Foyle MLA Pádraig Delargy: "The Irish language community have been waiting 15 years for the British government to live up to its promises to bring forward an Acht Gaeilge."
Foyle Sinn Féin MLA, Pádraig Delargy, has said the British government must stop dragging its feet and get on with legislating for an Irish Language Act.
The Act was meant to be put in place after the St Andrews Agreement of 2006 but so far that has not happened.
Sinn Féin's coalition partners in the Stormont Executive, the DUP, have continually railed against honouring the agreement of St Andrews to put the Act into place – despite the DUP agreeing to it again in the New Decade New Approach (NDNA) deal of 2020.
This week, the Minister for Northern Ireland, Conor Burns, told a Parliamentary Committee that Westminster would pass legislation for it ahead of May's NI Assembly elections.
However, Mr Delargy insisted that this be done speedily given the Act should have been passed many years ago.
He said: “Today the British Government has said once again that it intends to legislate for Acht Gaeilge (Irish Language Act) before the next Assembly Election.
“That legislation needs to faithfully reflect what was negotiated and agreed by the two governments and the political parties in the New Decade New Approach.
“Irish Language legislation is crucial to delivering rights and guaranteeing protections in law to an ever-growing community of Gaeilgeoirí across our island.
“The Irish language community have been waiting 15 years for the British government to live up to its promises to bring forward an Acht Gaeilge.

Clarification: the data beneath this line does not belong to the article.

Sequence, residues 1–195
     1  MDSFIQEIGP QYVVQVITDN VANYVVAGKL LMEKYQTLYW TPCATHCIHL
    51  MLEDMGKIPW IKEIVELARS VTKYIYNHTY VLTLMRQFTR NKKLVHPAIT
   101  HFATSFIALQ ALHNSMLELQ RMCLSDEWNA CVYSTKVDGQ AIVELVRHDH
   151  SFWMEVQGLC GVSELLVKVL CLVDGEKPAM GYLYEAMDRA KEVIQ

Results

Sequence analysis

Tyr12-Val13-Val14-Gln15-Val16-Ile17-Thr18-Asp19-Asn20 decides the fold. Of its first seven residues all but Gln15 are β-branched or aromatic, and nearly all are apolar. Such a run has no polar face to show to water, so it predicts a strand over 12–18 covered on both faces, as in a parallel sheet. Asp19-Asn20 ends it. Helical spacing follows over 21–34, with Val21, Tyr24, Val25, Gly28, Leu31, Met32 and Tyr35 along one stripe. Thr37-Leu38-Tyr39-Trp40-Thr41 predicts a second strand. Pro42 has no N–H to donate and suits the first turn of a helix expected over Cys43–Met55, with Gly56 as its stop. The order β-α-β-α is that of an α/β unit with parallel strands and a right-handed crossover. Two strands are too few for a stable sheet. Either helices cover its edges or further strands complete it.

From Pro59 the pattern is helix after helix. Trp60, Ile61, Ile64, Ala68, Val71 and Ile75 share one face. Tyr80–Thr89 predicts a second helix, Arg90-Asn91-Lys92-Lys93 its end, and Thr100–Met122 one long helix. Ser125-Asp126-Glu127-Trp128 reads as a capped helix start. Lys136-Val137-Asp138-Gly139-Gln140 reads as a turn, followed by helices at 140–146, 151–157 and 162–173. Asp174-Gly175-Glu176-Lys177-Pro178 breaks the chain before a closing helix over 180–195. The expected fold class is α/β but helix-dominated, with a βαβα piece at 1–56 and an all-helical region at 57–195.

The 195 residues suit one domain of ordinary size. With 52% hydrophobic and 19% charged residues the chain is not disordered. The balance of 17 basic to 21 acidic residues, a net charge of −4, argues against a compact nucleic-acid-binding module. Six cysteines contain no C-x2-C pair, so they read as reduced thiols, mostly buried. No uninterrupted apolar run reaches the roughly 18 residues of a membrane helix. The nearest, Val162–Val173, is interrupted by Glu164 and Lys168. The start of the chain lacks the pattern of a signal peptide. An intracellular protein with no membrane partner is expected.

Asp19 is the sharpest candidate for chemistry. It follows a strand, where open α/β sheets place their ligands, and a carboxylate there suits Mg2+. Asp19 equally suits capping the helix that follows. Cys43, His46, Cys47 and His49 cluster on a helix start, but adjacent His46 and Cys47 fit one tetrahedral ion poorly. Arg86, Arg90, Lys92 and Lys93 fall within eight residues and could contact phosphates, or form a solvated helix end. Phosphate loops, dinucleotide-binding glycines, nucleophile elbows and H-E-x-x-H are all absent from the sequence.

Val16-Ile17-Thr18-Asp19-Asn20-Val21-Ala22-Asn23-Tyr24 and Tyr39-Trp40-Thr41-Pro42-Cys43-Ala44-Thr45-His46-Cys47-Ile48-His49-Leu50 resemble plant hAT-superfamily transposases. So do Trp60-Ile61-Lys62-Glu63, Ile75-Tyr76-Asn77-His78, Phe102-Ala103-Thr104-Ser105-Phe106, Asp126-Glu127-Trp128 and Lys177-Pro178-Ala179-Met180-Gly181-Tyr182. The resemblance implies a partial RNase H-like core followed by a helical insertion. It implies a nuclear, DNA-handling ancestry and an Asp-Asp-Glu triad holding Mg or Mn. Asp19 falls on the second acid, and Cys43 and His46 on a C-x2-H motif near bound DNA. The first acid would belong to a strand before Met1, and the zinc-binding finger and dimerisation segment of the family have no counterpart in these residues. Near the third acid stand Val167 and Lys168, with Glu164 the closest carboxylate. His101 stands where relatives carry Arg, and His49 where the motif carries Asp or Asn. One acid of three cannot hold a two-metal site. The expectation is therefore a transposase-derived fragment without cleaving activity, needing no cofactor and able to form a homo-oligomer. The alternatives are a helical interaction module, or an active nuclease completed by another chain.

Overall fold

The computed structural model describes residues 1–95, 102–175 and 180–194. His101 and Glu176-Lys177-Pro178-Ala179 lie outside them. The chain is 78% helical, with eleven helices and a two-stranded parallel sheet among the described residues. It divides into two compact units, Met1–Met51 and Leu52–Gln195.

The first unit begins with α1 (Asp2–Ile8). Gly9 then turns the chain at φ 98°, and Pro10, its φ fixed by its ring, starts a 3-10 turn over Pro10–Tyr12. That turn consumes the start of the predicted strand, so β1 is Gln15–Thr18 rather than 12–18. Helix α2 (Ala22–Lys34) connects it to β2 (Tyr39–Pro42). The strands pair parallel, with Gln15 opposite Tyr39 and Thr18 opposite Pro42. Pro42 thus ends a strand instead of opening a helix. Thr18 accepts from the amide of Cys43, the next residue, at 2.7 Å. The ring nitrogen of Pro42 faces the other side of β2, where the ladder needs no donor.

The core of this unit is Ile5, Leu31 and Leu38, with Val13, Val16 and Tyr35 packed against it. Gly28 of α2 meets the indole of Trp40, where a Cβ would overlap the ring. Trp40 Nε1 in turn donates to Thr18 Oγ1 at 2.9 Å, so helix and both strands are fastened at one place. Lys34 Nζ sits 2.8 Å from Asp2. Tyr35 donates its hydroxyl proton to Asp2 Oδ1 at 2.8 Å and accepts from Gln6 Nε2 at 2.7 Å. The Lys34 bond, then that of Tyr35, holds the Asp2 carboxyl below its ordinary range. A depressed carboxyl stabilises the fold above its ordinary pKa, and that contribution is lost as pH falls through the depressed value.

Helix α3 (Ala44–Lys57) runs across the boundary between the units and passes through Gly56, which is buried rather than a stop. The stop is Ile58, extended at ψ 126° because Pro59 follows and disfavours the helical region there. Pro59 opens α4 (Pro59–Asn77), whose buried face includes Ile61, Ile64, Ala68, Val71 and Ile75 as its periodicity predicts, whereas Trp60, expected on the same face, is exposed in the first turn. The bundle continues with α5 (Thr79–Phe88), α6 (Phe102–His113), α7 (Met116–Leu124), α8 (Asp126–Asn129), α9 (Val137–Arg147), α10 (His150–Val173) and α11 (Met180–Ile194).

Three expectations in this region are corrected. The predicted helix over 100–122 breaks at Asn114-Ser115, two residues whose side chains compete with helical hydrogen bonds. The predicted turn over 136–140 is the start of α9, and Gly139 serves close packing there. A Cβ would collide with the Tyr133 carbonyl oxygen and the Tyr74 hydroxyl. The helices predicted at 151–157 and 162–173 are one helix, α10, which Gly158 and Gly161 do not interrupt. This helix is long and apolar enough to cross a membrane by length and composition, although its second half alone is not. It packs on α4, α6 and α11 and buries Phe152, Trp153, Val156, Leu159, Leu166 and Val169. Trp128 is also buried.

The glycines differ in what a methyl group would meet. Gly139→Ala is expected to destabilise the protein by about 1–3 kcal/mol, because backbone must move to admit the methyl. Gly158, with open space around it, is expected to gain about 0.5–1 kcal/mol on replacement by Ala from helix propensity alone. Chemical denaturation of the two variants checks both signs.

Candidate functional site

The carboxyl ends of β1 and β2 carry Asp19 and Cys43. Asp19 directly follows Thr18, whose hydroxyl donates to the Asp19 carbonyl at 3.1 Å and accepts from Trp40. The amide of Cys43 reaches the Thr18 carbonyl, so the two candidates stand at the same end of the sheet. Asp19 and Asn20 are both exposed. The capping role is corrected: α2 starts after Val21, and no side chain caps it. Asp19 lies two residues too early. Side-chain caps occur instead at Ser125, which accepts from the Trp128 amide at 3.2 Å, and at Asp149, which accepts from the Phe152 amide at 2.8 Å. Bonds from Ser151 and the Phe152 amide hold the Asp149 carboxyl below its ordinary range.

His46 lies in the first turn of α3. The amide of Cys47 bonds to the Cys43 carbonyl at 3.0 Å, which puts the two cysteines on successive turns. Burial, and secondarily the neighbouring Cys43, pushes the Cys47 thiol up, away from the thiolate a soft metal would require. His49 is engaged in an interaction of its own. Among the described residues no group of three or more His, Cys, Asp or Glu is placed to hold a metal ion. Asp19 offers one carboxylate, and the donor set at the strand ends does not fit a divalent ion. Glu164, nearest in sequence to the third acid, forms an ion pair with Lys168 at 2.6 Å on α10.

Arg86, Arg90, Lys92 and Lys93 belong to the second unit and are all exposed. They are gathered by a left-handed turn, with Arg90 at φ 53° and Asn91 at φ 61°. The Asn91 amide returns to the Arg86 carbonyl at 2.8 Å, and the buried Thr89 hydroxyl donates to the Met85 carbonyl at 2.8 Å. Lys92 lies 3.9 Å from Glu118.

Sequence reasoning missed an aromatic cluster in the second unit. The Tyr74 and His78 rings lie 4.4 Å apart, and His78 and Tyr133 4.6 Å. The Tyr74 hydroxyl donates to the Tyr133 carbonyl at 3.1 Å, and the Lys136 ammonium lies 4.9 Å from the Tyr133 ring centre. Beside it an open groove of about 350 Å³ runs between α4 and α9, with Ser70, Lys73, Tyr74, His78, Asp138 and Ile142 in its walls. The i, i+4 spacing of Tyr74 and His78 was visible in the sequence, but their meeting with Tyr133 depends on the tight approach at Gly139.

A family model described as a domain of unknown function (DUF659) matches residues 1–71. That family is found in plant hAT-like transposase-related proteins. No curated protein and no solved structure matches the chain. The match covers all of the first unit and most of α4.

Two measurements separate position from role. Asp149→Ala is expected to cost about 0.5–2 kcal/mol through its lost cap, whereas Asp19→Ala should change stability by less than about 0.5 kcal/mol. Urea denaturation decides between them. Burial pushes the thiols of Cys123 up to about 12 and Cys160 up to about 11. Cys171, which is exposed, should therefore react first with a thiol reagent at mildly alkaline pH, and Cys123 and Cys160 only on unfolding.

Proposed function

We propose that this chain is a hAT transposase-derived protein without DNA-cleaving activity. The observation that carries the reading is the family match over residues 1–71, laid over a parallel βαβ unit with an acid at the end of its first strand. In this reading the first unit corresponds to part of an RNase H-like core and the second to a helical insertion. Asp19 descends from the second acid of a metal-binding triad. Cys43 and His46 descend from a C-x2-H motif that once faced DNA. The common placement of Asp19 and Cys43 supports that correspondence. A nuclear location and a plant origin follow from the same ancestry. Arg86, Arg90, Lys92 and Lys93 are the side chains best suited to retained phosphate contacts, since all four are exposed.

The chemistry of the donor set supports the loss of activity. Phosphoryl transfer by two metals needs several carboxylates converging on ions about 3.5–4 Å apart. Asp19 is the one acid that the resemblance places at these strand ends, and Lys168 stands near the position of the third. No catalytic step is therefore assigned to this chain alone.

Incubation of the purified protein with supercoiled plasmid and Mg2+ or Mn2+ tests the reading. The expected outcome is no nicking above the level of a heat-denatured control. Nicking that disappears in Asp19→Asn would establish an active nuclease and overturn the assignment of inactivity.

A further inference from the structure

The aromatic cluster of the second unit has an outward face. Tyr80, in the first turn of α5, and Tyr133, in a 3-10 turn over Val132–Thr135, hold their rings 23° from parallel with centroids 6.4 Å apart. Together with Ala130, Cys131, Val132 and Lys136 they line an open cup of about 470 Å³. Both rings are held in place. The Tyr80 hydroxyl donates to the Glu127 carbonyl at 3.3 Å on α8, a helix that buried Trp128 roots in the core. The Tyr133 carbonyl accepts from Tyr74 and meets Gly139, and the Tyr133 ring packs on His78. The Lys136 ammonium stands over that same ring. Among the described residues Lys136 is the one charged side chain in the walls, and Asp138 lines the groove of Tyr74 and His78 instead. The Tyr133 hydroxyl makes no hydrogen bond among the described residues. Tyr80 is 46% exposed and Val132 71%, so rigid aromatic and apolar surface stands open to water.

“The British government needs to end the delays, honour its commitments and implement its agreements and end the denial of rights to the Irish Language community.”
Earlier this week Conor Burns had told Parliament that the legislation needed to be passed before the Assembly election so that it does not “become a contentious element of what is already going to be a pretty contentious election campaign”.
He added: “The legislation is pretty much ready… it remains our commitment but we’re obviously disappointed it wasn’t taken forward as an NDNA commitment where it sat with the Executive and the Assembly.
“I can’t give you a specific time… the Secretary of State (for Northern Ireland) was genuine in his desire to bring it forward by the end of October, we didn’t do that for a variety of reasons, other business, timing, matters politically but we remain committed to the undertaking that we’ve given, that were it not legislated for in Stormont, we will do it here in Westminster and that remains the case.
“I think what I can say very candidly is that it is our expectation that this is not going to be passed by Stormont before the end of the mandate and that we are absolutely expecting that we are going to have to do this in Westminster and we remain committed to bringing this legislation forward in Westminster.”
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